It should be amazing to watch.

    Single car qualifying on the big tracks like Talladega and Daytona was the worst show in all of motorsports, often taking hours to complete. The new qualifying rules will make for an entertaining show for the fans as drivers will be qualifying in conditions only seen during the actual race.

    Former Talladega race winner Brian Vickers:

    "I have no idea what to expect. It’s going to be a lot of fun and it’s going to be way more entertaining. Nothing was more painful than the old way of qualifying at a superspeedway. I’m looking forward to Saturday and who knows how it is going to come out. I think the speed of the car and engine will matter less and chance will matter more."

    Unpredictable and dramatic. What else makes a better show for the fans? 

Goodyear in the Crosshairs Again This Weekend

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    Goodyear continues to be at the center of a tempest.

    The exclusive tire supplier for NASCAR’s top three national series has run three at-track tests already, with many more on the books.

    The testing season started with a two-day session at Sonoma Raceway on March 25-26. The goal was to improve overall grip for cars on the 1.99-mile, 10-turn road course.

    Two weeks later, on April 8-9, Goodyear tackled Michigan International Speedway in an effort to monitor the track surface since its repave in 2012 and evaluate the impact of the 2014 rules package on performance at the ultra-fast, two-mile track. Speeds at the test session, according to reports on, were unofficially clocked at well over 200 mph.

    Just last week (April 15), Goodyear visited another recent repave in Kansas Speedway. The initial focus of this test was to refine the multi-zone tread right-side tire raced at Kansas last October. With sustained testing speeds at the existing track record, heat and wear rates were up, necessitating a change in direction.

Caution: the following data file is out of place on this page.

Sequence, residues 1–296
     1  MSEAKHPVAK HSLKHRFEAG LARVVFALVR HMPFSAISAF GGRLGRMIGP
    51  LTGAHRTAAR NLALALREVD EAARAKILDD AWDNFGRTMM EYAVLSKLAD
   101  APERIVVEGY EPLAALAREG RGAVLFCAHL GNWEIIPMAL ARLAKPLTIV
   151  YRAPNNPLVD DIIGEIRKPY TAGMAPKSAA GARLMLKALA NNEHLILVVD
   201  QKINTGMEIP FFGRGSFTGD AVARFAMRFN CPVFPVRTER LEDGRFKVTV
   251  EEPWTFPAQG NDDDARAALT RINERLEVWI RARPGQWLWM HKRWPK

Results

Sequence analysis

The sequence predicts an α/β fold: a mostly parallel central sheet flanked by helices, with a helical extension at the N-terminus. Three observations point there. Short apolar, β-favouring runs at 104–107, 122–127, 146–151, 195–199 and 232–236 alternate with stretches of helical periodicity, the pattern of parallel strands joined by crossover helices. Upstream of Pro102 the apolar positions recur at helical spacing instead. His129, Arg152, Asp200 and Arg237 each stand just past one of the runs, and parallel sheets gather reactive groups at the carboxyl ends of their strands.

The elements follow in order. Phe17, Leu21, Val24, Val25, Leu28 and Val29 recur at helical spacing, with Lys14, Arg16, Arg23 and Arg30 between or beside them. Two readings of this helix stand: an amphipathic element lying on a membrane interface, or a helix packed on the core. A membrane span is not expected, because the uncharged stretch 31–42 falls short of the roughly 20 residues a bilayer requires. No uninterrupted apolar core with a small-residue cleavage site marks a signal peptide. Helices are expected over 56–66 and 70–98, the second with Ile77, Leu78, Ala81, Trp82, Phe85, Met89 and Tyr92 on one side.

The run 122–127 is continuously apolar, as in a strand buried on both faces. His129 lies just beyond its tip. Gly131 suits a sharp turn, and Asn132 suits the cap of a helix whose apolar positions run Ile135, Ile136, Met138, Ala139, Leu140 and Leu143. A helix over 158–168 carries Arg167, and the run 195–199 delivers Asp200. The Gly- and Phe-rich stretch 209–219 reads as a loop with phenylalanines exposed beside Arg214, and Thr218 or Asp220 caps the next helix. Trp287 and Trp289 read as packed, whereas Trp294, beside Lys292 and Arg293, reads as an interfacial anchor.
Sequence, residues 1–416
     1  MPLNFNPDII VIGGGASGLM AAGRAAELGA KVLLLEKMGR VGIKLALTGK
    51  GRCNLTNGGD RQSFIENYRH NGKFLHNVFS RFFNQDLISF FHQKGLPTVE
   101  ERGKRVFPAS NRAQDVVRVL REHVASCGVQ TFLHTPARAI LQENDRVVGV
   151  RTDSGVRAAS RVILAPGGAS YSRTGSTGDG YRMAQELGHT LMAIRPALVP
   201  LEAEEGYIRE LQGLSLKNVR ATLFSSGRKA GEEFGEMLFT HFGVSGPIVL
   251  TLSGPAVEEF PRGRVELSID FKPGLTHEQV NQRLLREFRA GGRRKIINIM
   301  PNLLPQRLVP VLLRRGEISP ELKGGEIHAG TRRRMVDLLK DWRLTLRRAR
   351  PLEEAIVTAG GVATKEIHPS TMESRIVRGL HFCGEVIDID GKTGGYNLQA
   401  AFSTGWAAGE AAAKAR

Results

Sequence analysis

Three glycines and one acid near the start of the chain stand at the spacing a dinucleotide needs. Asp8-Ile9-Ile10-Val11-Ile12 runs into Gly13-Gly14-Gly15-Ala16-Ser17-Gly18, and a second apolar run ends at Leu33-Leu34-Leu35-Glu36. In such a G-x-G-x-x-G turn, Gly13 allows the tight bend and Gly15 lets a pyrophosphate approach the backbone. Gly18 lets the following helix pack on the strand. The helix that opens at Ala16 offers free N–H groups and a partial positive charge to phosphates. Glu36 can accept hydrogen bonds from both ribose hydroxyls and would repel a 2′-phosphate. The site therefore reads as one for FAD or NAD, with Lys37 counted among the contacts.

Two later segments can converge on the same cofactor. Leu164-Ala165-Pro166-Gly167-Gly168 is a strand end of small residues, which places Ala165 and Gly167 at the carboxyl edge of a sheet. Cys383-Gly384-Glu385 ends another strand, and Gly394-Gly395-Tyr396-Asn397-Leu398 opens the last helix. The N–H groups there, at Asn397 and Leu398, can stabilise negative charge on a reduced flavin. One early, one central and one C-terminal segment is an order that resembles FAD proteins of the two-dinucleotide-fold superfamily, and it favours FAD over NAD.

The first three tire tests of the year have been fruitful. Goodyear will follow up with sessions at Dover International Speedway (May 6-7), Kentucky Speedway (May 20-21), Chicagoland Speedway (June 10-11) and Indianapolis (June 15-16) in the coming weeks as it continues to fill in its 2014 tire lineup.

    The problem Goodyear faces is that the new Gen 6 car is faster and aerodynamically produces more downforce, especially in the corners. This creates a much higher level of stress on the tires. Goodyear engineers have come up with the “multi-zone” tires as a solution to the issue, but as was seen last weekend at even the slower speeds of Richmond, those tires, which were designed for durability, lasted far shorter than expected.

    With speeds this weekend expected to be back above 200 mph, what can we expect from the tires? Hopefully good and even tread wear and few, if any, failures. Despite having to run inner liners at Talladega, a tire failure at 200-plus mph could be catastrophic.

Rookie Report

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    Nine races into the season, and the Sunoco Rookie of the Year race has drawn a focus on two drivers—Austin Dillon and Kyle Larson (shown above).

    Larson’s first-lap takedown by Clint Bowyer, despite Bowyer's "apology," was a below-the-belt punch against Larson. Bowyer would never have tried the kind of cheap shot he pulled on Larson against another of his “buddies.” Instead, he made a move that he knew would almost guarantee he was going to spin the rookie out—and out of contention for the rest of the night.

    Was Bowyer afraid that the Chip Ganassi rookie would upstage him? Or was it just a case of Bowyer’s karma, as mentioned earlier?

    Larson maintained his composure and finished 16th. He moved up to 13th in points.

    Dillon had a “character building” kind of a race, struggling with a race car that never let him get comfortable, nor had the kind of speed needed to be competitive.

    Dillon started 27th and finished 27th. His performance lost him two spots in driver points, and he fell to 12th.

    His record on restrictor plate tracks is very good (he sat on the pole at Daytona this year), and the No. 3 car could be a factor in Sunday’s Aaron’s 499, as it should be—if you’re a fan of the late Dale Earnhardt.

    As for the rest of the rookie class, Justin Allgaier is 28th, Michael Annett is 33rd, Alex Bowman 34th, Cole Whitt 35th and Ryan Truex 38th. Parker Kligerman’s Cup career is temporarily on hold.